There are three portraits hanging in the Greenwich Library, two on the wall to the left of the main entrance and the third in the listening area of the music room on the second floor. Regular visitors will no doubt pass these portraits many times, perhaps glancing at them hurriedly, momentarily wondering why these almost “homey” images are on display in their town library. The two on the first floor are of Mr. and Mrs. J. Whitney Peterson, and the third is of their son, Jonathan. Their family story in many ways reads like a fairy tale of good fortune and graceful living, but it is also a tale of great sorrow. Ultimately though, it is a story of love and generosity. And the lady in the portrait on the first floor of the library, Clementine Lockwood Peterson, is the subject of the Oral History Project’s latest book fittingly entitled, The Lady in the Portrait.
Recently, the Oral History Project hosted a reception to launch the book about Mrs. Peterson’s, her life and her legacy to the Greenwich Library. The reception was not only in recognition of this accomplished and generous woman, but was also to honor those narrators who gave of their time to make this book a reality.
Born June 3, 1903 in Greenwich, Clementine Lockwood Peterson spent her early life in Ridgefield, Connecticut. She attended prominent schools in the East before graduating from Bennett Junior College, a finishing school, in Millbrook,
New York. Then, in 1925, she married tobacco heir, J. Whitney Peterson, later settling into the Zaccheus Mead Estate in Greenwich where they lived for many years. Mr. Peterson later became president of the United States Tobacco Company. The couple had only one child, Jonathan, of the portrait on the second floor, who was known as Jay.
Mrs. Peterson, who in many ways led a charmed life, came to know tragedy and heartbreak. Jay died in an automobile accident in 1957 at the age of twenty-three and then, just two years later, her husband died. In 1992, after her death on the eleventh of April of that year, to honor her husband and son, Clementine Lockwood Peterson, through her attorneys, left a bequest of $25 million to the Greenwich Library. Her wish was for the funds to be distributed by trustees through a foundation established in her will. The Clementine Lockwood Peterson Foundation was created primarily to benefit two main areas in the library, business and music, in honor of her husband who had led one of the nation’s largest companies and in honor of their son whose great passion had been music.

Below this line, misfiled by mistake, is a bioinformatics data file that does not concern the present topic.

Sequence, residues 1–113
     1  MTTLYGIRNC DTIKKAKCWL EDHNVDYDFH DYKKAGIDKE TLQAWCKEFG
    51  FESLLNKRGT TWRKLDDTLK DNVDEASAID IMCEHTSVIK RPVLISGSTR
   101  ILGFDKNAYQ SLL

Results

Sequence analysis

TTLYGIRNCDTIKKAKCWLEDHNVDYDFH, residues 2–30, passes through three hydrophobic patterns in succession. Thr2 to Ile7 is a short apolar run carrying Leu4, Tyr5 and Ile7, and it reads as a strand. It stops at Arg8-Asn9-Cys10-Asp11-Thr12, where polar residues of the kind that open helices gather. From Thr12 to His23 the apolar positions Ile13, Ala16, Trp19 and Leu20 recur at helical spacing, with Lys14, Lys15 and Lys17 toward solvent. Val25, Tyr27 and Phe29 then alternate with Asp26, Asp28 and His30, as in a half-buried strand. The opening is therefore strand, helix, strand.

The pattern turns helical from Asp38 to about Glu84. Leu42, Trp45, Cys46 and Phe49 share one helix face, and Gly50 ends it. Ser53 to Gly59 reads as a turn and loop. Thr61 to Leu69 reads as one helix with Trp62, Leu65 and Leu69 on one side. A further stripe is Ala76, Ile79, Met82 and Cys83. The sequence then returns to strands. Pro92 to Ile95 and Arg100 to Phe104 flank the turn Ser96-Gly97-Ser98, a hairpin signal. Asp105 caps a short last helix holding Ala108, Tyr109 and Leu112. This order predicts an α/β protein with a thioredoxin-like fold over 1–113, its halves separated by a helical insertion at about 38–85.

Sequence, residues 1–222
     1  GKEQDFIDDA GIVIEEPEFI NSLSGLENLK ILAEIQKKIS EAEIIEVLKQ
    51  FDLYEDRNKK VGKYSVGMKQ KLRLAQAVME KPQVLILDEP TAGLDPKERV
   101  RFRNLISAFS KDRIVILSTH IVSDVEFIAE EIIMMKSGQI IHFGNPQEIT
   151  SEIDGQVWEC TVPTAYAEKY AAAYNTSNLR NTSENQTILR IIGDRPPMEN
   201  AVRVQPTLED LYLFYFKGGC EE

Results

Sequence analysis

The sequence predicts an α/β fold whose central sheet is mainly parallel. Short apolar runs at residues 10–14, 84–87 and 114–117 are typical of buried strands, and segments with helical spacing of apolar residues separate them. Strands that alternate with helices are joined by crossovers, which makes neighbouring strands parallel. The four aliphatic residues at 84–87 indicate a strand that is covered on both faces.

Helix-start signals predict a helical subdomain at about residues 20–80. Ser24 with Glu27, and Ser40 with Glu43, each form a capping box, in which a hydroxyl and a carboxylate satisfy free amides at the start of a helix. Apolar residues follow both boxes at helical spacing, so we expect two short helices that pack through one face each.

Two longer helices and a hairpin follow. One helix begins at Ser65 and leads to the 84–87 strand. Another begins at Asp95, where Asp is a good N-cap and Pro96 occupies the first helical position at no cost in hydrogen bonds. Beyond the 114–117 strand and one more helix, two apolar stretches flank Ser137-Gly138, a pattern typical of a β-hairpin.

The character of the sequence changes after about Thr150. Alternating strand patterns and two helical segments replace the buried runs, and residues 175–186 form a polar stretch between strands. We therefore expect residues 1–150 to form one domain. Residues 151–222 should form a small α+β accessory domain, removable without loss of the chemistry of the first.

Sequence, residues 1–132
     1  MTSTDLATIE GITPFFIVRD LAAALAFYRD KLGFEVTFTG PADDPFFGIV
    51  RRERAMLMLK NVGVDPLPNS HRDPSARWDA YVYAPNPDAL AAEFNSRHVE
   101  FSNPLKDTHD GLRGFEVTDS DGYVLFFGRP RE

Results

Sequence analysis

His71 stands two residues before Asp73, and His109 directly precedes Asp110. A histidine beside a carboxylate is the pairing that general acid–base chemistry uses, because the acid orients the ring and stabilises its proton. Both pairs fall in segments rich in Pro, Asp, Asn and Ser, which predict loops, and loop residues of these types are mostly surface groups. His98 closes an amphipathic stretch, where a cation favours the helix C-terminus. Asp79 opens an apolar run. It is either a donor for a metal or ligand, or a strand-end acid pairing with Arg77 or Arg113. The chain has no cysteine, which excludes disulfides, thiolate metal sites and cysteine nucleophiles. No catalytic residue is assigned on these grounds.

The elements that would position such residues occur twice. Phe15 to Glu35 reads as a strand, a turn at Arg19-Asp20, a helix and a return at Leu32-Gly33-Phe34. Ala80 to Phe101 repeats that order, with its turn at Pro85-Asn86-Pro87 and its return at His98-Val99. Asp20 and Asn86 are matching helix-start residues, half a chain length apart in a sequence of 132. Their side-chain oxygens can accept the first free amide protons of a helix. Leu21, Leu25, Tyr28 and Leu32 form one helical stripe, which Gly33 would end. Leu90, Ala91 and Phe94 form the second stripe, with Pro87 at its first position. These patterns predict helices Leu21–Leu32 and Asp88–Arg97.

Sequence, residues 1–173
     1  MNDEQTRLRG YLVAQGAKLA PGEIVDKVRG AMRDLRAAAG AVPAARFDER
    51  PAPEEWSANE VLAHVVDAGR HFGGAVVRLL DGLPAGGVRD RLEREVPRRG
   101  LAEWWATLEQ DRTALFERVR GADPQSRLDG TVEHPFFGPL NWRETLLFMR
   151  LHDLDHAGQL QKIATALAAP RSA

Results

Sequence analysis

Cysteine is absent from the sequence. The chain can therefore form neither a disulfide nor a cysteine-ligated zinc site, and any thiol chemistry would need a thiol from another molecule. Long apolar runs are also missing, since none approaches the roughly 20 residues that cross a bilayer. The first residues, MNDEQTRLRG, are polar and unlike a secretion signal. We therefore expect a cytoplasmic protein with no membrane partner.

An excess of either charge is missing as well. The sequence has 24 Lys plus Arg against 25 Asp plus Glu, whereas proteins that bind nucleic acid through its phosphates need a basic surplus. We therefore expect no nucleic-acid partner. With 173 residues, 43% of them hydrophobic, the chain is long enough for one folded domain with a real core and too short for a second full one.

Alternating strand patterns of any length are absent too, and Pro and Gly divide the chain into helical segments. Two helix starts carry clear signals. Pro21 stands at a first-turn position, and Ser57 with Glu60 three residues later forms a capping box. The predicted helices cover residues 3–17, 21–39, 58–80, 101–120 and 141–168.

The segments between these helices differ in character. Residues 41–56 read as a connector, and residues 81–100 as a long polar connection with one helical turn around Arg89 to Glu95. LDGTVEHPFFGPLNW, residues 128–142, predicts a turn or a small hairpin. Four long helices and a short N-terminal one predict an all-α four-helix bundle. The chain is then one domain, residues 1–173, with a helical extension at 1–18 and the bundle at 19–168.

The bequest remains the largest ever made to a local library in the United States.
After much deliberation and with deep commitment to honor the terms of the bequest, the Peterson Wing, which added 32,000 square feet to the library and would house, among other subjects, the library’s business and music collections, officially opened its doors on June 12, 1999.
Although she had been born in Greenwich and had spent many years in town, Mrs. Peterson was not a well-known presence at the library. In fact, when news of the bequest was announced, few among the library trustees knew who she was. Many of the narrators in the interviews that make up the book who did know her comment on her penchant for privacy, but she was at the same time an active member of the community. In fact, what emerges from the interviews is a woman with many sides. At various times during her years in Greenwich, she was an active volunteer in local organizations. She was an avid dog breeder and owner of show dogs, literally having written the book on Keeshonds, her favorite breed. In addition to writing, she was a skilled sculptor of animals, primarily of birds and dogs.
In her personal life, she was the formal Mrs. Peterson, the informal Mrs. Pete, and the familiar Auntie Clem. There is the proper, business-like mistress of a large estate and the fun-loving hostess with a playful sense of humor. But most poignantly perhaps, there is the observant and caring benefactor who sees need and intervenes to provide help.
But the light must have gone out of the life of this accomplished and generous woman when she lost in quick succession her son and her husband. A year after her husband’s death, she sold the estate. She then lived for many years in a house on Taconic Road. Finally, she moved to a retirement home, Crosslands, in Kennett Square, Pennsylvania where she died in 1992, but not before she meticulously set up one last act of incredible generosity. And the town of Greenwich will forever be the beneficiary of her largess.
The Lady in the Portrait is a compendium of eleven interviews. They include interviews with three trustees of the Peterson Foundation, past members of the board of trustees of the Greenwich Library and of the Friends of Greenwich Library. Also included are interviews of former employees of the library and an interview with a daughter of a family who were employees of the Petersons at their Greenwich estate. The book is divided into three sections: “The Lady,” “The Bequest,” and “The Legacy.”
The Lady in the Portrait is available through the Oral History Project office on the ground floor of the library, across from Elton’s Café. The cost of the book is $17. The book is also part of the library’s circulating collection.